- Audible Audio Edition
- Listening Length: 7 hours and 16 minutes
- Program Type: Audiobook
- Version: Unabridged
- Publisher: Listening Library
- Audible.com Release Date: April 5, 2011
- Whispersync for Voice: Ready
- Language: English
- ASIN: B004V6AU40
- Amazon Best Sellers Rank:
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The Sixty-Eight Rooms Audible – Unabridged
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Top Customer Reviews
Marianne Malone wraps up adventure, art, history, and mystery in a perfectly fun package. The Sixty-Eight Rooms addresses many types of friendship - that of Ruthie & Jack, that of Mr. Bell and Lydia, Ruthie's dad & Mrs. McVittie, Ruthie's mum and her mentor professor. It addresses adversity - Jack & his mum Lydia may have to leave a wonderfully concocted artist's loft if Lydia doesn't sell a few of her paintings to pay the rent. Loss is a theme - when Ruthie's mum's mentor/professor dies, and when we learn that Mr. Bell's best work (he's a photographer) disappeared years ago. And peripherally, who isn't fascinated with miniatures?
The children plan a winter weekend of exploration in the Thorne Rooms in the museum at the Art Institute in Chicago after it closes - their planning is thorough and creative; while they understand that what they are doing is not kosher, the lure of adventure is simply irresistible. I think the book is oh so realistic in all it conveys and portrays of the life and world of modern urban kids, which is a perfect counterpoint to the magic of the key, and the mystery of the exquisite, historically accurate, and totally real Thorne Rooms.
The book imagines two sixth-graders, Ruthie and Jack, who discover a magical key on a field trip to the Thorne Rooms in the Art Institute of Chicago, a famous collection of 68 miniature rooms set in various time periods. The key shrinks Ruthie and Jack down to a size where they can enter the rooms and explore. Even better, it turns out that beyond the room is the entire world of the room's setting: France just a few years before the French Revolution, Mass. during the Salem Witch Trials, etc. The book moves back and forth between Ruthie and Jack's adventures in these worlds, their attempts to sneak into the Art Institute in order to enter the rooms, and their quest in the real world to find out the mysteries behind the Thorne Rooms--who created them and how, where the key came from, how some objects from the Thorne Rooms appear to have entered the real world, and so on. Meanwhile, Jack's mother has some real-world issues of her own to deal with as she's having a hard time selling her artwork and the two of them (Jack and his mom) are in danger of being evicted.
As mentioned, the premise is simply wonderful, combining time travel and Borrowers-type "small-person" adventuring. The problem is, we see almost no adventuring in the worlds outside the Thorne Rooms. We only pop into two of the 68 and for a matter of only a few pages--in total the Thorne Room adventures add up to only about 10 percent of the book.Read more ›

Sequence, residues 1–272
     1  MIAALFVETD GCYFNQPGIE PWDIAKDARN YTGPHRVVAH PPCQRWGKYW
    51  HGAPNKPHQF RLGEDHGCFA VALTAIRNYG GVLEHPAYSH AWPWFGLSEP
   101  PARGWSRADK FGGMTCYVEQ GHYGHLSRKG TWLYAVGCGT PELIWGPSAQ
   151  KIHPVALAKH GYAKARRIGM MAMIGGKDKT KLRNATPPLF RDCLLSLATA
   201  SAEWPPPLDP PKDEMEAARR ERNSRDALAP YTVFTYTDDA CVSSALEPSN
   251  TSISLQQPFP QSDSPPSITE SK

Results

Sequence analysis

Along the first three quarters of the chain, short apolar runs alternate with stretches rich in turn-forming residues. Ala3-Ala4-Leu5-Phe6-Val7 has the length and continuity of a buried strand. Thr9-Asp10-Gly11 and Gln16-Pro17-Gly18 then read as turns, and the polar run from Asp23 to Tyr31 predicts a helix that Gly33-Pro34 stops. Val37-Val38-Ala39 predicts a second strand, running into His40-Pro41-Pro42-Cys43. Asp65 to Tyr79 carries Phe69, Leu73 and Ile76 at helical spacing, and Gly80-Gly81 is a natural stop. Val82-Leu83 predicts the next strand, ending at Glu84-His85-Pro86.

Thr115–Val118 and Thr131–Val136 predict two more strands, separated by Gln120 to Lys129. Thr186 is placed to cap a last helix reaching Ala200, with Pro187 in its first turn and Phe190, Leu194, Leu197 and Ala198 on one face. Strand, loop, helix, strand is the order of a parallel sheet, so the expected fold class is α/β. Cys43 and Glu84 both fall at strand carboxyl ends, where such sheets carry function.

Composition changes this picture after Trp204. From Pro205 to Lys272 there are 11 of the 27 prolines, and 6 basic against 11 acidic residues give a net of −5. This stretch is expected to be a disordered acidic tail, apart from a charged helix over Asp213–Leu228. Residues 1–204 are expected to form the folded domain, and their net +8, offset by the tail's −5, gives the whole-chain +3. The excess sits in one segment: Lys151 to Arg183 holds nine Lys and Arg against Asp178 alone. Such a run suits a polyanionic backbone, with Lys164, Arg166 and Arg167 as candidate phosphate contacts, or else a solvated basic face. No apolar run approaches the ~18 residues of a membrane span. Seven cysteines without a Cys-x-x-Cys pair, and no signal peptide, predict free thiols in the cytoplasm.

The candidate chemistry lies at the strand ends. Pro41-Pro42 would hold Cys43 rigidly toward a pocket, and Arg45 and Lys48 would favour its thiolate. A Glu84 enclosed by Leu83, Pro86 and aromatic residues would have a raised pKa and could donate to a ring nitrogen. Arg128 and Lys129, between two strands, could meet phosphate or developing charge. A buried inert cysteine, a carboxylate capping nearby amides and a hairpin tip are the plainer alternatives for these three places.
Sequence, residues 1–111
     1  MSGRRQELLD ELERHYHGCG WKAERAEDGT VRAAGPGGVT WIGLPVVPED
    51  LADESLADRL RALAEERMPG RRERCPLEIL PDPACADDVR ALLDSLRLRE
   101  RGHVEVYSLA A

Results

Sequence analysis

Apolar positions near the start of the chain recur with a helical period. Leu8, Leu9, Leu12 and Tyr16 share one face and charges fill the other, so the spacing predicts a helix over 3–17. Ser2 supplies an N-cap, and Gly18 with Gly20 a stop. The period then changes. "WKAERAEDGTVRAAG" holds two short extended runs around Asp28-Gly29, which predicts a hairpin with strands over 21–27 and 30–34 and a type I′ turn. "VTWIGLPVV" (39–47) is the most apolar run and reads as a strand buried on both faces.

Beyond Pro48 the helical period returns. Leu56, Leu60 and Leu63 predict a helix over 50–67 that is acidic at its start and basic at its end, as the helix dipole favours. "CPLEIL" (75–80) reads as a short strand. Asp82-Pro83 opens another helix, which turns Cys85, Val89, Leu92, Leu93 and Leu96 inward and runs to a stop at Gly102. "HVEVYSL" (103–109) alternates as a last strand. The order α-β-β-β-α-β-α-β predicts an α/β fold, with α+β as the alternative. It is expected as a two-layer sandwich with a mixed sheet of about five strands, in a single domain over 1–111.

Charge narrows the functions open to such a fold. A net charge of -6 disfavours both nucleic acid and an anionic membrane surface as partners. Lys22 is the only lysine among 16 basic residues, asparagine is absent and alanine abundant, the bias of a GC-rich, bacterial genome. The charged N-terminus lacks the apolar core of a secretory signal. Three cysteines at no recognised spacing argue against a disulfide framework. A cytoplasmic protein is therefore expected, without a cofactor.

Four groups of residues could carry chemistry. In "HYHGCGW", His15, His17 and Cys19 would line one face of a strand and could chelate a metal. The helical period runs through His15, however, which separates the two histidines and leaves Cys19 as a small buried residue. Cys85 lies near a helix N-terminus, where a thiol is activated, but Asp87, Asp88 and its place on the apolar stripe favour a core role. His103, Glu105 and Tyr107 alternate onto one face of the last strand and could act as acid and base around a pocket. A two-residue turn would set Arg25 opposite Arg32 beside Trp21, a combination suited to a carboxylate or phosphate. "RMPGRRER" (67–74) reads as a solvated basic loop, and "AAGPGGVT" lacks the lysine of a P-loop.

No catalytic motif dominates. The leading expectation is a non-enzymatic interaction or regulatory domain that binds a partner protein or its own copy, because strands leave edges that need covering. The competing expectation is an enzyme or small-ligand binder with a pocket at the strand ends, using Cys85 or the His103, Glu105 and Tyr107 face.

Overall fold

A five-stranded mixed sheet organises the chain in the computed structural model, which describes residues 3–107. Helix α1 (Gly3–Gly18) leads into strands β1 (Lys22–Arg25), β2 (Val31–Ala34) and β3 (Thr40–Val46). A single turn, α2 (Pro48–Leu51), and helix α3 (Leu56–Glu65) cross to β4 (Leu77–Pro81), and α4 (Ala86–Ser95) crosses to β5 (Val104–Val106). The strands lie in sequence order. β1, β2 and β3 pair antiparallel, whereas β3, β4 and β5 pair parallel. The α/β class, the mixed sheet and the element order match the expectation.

A boy and a girl are the central characters in both books.
Mixed Up Files takes place in the Met. Museum of Art in New York and in this book the Art Institute.
Staying away from home:
Mixed Up Files-The children stay for a week, in this book the children stay overnight.
Food in pockets:
Mixed Up Files: There is a part in which the children make an issue out of stuffing/hiding food in various pockets of their clothing, the same happens in this book.
Eccentric older woman as a key figure in the story:
Mixed-Up Files: Mrs. Frankweiler an eccentric woman with lots of antiques in her home, with this book Mrs. McVittie an eccentric woman with lots of antiques in her shop.
Older woman helping young lady achieve her dreams
Mrs. Frankeiler helps Claudia, Mrs. McVittie helps Ruthie.
Central girl wanting to be special:
Claudia finds Angel to be such a person, and Ruthie sleeps in the Thorne rooms and has an adventure to feel special.
The museum quality/antique bed:
Claudia insists on sleeping in a very beautiful European bed in the Mixed Up Files, Ruthie sleeps in a very beautiful French bed in this book.
In the Mixed-Up Files Jamie walks out of the washroom after hiding and a janitor asks him where he came from. He replied, "My mother told me I came from heaven". In this book the children get caught sneaking out of the Thorn Rooms after closing and are asked where they came from.Read more ›
Most Recent Customer Reviews
Bought all of the books in this series for grandchildren; I always read the books I plan to give beforehand. Read morePublished 3 months ago by Karen L. Hansen
This series is absolutely wonderful, especially if you are interested in miniatures like I am.Published 3 months ago by MISSMYBOYS
More of a 3.5
Ruthie, sixth grader at a private school in Chicago, feels like her life is utterly boring. Read more
I love anything time travel. I recommend this book for 3rd o 5th graders who like fantasy or history. Read morePublished 6 months ago by Mom of a preschooler and kindergartener
An adventure to read, even for a grown up. A new place to add to my travel list. What a delightPublished 9 months ago by Pat B-C
I just finished this, and what fun it was. It was thoroughly absorbing (especially as I bought the newer color version of the Thorne Rooms by the Art Institute of Chicago (I have... Read morePublished 10 months ago by Nab